Companies that are too small or too unorganized to properly do this (and to be fair, some just lack the know-how or ability as it’s not critical in the early stages of their business) will still want to see just how much interest is generated in their company’s value.

In some instances, this leads to a lot of stocks being purchased, and the ticket eventually moves to the NYSE as they grow.

In short, some companies can’t handle the SEC requirements just yet, but still want to see value grow on the market. They appeal to investors who see day trading as gambling, so to speak.

Penny Stock Trading FAQ's

Are penny stocks hard to trade?

Technically all you have to do is go into your app and sell the stocks, or talk to your broker. Selling it isn’t difficult, but knowing when to sell is difficult.

Penny stocks have almost no history, because if a penny stock does well enough, it’s no longer a penny stock. That mixed with thousands upon thousands of companies that just die out make it difficult to gauge the market.

You can liquidate penny stocks fairly quickly, it’s just hard to know when you should.

Can I buy and sell penny stocks on the same day?

You can, but be warned: if you do this on the NYSE, you can be flagged as a pattern day trader, which could restrict your access to investing in stocks. 

Pattern day traders are identified as someone who buys and sells stocks on the same day. This doesn’t have to be flagged if the amount that you buy and sell each day is under a certain percentage of your margin.

You want to avoid getting flagged as a PTD because it could restrict access in some instances up to 90 days.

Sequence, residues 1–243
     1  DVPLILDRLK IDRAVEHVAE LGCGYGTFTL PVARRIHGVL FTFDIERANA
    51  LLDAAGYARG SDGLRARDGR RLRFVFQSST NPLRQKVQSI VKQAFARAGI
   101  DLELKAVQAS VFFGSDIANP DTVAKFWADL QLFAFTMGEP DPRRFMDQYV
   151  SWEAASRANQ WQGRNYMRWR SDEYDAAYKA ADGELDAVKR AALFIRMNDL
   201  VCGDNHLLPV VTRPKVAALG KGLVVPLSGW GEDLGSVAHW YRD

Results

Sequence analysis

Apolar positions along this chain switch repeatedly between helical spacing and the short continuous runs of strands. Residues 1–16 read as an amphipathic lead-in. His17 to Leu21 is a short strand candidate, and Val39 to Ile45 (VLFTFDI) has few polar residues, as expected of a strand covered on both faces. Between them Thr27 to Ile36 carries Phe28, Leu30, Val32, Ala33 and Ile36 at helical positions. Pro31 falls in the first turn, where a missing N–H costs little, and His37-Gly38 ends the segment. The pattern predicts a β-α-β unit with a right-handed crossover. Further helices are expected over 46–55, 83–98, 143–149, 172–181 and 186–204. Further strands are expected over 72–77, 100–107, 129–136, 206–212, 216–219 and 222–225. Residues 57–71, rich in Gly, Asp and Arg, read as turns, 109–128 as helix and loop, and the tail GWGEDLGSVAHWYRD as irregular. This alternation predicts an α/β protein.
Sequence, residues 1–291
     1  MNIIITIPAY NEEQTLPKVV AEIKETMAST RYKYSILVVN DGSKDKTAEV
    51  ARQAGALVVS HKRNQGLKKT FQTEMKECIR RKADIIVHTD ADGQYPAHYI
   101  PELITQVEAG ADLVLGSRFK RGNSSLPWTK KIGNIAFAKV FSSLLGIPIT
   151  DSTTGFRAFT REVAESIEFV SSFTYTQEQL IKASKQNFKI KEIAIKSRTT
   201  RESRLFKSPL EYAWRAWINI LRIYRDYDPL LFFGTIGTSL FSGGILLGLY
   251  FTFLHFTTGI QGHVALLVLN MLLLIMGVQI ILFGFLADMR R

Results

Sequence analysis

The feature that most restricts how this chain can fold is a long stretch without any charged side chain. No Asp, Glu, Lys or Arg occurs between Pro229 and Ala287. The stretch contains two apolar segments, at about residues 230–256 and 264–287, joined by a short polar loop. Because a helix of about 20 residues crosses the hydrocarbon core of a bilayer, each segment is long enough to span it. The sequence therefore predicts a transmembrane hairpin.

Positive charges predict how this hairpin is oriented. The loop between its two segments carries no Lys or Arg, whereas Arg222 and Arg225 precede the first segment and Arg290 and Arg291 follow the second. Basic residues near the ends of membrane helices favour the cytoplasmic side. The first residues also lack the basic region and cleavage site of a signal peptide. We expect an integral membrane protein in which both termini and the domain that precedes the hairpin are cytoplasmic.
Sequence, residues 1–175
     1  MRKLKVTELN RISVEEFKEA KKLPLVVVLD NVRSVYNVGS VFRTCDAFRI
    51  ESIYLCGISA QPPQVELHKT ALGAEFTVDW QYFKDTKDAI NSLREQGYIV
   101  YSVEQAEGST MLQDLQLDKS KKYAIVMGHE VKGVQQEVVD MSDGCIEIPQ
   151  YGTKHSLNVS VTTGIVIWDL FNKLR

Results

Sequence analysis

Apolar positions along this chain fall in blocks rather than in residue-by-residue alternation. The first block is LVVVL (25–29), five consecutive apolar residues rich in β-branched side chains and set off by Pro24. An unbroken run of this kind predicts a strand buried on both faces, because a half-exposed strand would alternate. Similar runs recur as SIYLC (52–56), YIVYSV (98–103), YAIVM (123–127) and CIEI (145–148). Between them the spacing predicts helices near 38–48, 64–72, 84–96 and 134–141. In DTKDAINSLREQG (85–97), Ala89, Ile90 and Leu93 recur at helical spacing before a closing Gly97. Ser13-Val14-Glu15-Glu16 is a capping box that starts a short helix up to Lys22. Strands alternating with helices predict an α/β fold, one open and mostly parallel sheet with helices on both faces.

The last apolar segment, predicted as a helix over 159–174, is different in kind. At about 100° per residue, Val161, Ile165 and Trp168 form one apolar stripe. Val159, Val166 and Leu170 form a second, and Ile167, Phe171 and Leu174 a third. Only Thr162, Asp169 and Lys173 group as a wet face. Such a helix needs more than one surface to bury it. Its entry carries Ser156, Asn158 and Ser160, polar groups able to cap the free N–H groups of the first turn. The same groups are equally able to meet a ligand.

Can you get rich from penny stocks?

It’s happened, but you shouldn’t bank on it under any circumstances. True penny stocks aren’t traded on the NYSE, and instead go through different markets.

This is great for access, but it operates under heavy risk. These small startup companies just want to be listed so that they can have value from the stock market, but their companies could simply flop overnight.

There’s so much more risk involved in an already risky investment practice (going with a single company stock instead of an index fund, in this case).

Penny stocks are all about buying in bulk and having quantity over quality. Hopefully, a penny stock will rise up from $0.01 to $0.10, and hopefully you will have been holding onto 10K+ shares when that happens, but it’s not guaranteed.

The rule of thumb is that you should never invest more than you are comfortable losing.

Should You Trade Penny Stocks?

If you have $100 or $1,000 that you wouldn’t miss if it were gone, then go for it. Penny stock trading is popular because of the prospect of flipping one penny into a dollar on a grand scale, but finding a golden penny stock is difficult. It’s akin to playing scratch tickets.

We all know there’s a $10,000,000 prize somewhere, but none of us can know where it is. Yet, some scratch away and ride the tide of losses and gains (figuratively speaking, of course).

If you can completely cut away all your emotional ties to the money you spend on penny stocks, you should invest in them sparingly.

Day trading can be a full-time career for a lot of people, but those folks usually spend their time on stocks that are $5.00 and under on the NYSE instead of penny stocks.

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About the author 

Donny Gamble

I’m Donny. I’m a world traveler, investor, entrepreneur, and online marketing aficionado who has a big appetite to compete and disrupt big markets. I thrive on being able to create things that impact change, difficult challenges, and being able to add value in negative situations.